Batman and Robin have been accused of being a gay couple. So, female characters (such as Batgirl and Batwoman) were added. Despite this, the duo have continued being associated with being gay. The Nightmaster might have been gay, but this was unclear. The New Guardian member Extraño (whose name means “Strange”) was the first obvious homosexual comic book character. But, some people thought he was too stereotypical. In Hellblazer #6 and 7 and Swamp Thing #74, John Constantine fought with gay bashers. The Sandman: A Game of You story (1991) and a 1992 Legion of Super-Heroes storyline explored transgender themes. In The Authority, two of the members, Apollo and Midnighter (seen above), were a gay couple to the point of being married. Recently, the newest version of Batwoman is lesbian and characters (such as Icemaiden, Sarah Rainmaker and the reformed Pied Piper) turned out to bisexual.
Sadly, Marvel has had a less favorable history in this matter than DC, mainly due to Jim Shooter, who banned LGBT people from Marvel Universe. However, several gay characters got their own titles, but with warning labels on them, to avoid angry conservative protests. But this was later ditched and there has been same-gender sex scenes. Northstar of the Alpha-Flight was the first major gay character in Marvel Comics. Other LGBT mutants include fan-favorite Mystique and Destiny. Phat, Vivisector, and Bloke (until they died), of the X-Statix, were all gay. X-Factor's Rictor and Shatterstar (both males) turned out to bisexual (they had an on-panel kiss). In Witches, Brian Patrick Walsh, the bad girl, sleeps with other women. In the 2002 revamp of Rawhide Kid, the titular character became one of the first openly gay characters. In Young Avengers, Hulkling and Wiccan were revealed to homosexual.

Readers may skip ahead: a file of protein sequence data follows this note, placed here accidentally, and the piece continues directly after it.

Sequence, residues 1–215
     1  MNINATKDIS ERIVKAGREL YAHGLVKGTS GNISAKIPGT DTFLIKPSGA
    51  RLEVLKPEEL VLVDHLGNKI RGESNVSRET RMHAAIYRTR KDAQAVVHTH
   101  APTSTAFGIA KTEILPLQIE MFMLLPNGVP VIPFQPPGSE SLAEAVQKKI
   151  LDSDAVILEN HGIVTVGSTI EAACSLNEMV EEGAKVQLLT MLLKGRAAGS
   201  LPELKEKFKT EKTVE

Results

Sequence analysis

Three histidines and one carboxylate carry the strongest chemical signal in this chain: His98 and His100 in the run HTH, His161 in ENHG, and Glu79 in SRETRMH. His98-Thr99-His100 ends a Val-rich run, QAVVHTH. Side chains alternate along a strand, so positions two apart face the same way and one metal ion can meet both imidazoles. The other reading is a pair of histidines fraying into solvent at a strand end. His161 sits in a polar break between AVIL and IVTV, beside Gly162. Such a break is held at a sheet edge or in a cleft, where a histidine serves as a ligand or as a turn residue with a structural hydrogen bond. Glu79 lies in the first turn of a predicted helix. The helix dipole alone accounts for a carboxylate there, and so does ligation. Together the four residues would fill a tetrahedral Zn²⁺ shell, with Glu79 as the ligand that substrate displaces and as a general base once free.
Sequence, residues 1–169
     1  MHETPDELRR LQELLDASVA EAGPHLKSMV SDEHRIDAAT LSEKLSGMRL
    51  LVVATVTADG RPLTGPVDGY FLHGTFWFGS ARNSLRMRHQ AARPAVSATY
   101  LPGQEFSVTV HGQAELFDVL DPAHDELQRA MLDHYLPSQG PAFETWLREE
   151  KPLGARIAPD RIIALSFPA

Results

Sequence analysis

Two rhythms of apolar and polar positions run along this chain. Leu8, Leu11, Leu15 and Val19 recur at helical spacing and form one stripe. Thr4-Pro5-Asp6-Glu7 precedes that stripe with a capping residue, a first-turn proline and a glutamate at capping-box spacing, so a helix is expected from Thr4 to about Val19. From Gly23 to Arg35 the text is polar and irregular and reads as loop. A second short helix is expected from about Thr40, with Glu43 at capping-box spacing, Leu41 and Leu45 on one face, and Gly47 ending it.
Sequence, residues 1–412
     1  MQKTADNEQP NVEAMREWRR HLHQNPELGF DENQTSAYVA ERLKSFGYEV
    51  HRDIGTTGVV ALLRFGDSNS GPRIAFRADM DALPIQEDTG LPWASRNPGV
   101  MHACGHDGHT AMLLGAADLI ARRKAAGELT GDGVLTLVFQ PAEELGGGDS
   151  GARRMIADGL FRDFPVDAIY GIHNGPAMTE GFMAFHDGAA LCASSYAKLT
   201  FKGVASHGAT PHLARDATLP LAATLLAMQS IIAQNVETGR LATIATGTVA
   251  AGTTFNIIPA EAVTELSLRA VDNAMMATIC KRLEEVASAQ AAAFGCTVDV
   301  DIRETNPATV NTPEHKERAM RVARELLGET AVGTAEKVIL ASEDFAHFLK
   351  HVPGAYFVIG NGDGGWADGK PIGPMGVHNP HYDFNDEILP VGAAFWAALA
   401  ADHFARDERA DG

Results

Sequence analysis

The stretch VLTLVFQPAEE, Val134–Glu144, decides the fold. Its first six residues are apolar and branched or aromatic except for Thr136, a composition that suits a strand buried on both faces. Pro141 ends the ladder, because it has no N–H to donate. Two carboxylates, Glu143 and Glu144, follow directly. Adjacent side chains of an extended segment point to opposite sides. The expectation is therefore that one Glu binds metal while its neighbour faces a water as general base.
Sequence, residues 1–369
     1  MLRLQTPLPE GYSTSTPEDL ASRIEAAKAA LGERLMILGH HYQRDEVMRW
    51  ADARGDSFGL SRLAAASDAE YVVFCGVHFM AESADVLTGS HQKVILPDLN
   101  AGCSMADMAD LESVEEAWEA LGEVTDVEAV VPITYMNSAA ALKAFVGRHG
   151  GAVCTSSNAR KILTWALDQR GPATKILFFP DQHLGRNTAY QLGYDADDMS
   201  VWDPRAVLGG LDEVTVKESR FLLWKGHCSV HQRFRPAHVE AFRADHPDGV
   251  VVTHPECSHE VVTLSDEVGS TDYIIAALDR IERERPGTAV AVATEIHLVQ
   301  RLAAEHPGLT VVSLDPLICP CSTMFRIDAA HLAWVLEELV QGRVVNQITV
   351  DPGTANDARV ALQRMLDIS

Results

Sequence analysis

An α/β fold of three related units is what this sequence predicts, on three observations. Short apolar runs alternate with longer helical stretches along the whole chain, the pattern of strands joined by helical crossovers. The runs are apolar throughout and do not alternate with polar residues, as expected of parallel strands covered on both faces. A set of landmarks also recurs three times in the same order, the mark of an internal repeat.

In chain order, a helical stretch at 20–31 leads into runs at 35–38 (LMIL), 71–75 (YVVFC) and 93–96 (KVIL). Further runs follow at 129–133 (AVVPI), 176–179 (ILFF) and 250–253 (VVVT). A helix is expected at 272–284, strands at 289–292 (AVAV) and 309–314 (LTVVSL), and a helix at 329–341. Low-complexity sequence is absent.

In Veronica # 202, we meet Kevin Keller, a new kid in town. The titular character fell in love with him. However, Kevin reveals to Jughead, he is not interested in Veronica and is closeted homosexual. He asks Jughead to not reveal his sexuality, which he agrees (he was mad at Veronica). Most of the story focused on Veronica's cluelessness.
In the 1990s, there were several comic book companies that decided to ditch the Comic Code of Authority. These included Malibu, Image and Dark Horse comics. Due to not being bound by the CCA, they had greater artistic freedom and created several LGBT characters. These include Malibu Comic's Spectral and Turbo Charge, Gen13's Sarah Rainmaker (created by Wildstorm, which DC later bought). In Dark Horse's Buffy the Vampire Slayer comics, we meet lesbian characters like Willow, Tara and Kennedy; and Andrew (who is a closeted homosexual).